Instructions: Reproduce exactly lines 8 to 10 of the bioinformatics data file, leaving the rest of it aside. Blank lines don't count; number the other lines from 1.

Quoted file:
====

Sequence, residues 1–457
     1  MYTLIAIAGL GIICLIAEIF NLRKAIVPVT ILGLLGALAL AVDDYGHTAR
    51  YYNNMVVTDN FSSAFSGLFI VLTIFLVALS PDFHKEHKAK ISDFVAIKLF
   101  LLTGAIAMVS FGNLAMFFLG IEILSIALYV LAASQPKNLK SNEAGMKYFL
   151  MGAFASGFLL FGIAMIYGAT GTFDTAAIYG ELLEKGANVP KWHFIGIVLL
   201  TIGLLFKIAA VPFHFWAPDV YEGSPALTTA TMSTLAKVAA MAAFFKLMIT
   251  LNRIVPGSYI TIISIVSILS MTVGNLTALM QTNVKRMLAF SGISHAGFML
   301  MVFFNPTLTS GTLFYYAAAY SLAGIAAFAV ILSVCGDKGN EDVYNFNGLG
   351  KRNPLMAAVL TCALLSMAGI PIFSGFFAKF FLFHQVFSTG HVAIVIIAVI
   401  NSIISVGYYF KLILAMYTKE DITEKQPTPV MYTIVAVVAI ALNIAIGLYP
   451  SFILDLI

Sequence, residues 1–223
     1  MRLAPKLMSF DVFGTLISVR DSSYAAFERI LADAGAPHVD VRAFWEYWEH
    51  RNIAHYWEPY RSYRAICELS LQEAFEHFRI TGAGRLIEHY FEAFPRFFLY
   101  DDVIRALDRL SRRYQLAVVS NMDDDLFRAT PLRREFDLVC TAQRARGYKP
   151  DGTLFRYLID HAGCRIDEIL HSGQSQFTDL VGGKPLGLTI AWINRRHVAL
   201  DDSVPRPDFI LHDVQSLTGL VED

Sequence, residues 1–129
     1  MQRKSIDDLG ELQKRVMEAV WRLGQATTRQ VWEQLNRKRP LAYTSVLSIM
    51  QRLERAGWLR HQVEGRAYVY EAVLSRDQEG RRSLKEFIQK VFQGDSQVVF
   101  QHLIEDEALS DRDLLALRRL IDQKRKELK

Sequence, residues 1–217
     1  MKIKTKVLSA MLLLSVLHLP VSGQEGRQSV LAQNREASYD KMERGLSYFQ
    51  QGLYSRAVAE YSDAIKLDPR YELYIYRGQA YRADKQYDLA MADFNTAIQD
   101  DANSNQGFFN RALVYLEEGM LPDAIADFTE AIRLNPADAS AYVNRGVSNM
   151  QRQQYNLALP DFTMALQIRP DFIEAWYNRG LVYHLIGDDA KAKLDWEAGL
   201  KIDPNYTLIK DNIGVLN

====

   301  MVFFNPTLTS GTLFYYAAAY SLAGIAAFAV ILSVCGDKGN EDVYNFNGLG
   351  KRNPLMAAVL TCALLSMAGI PIFSGFFAKF FLFHQVFSTG HVAIVIIAVI
   401  NSIISVGYYF KLILAMYTKE DITEKQPTPV MYTIVAVVAI ALNIAIGLYP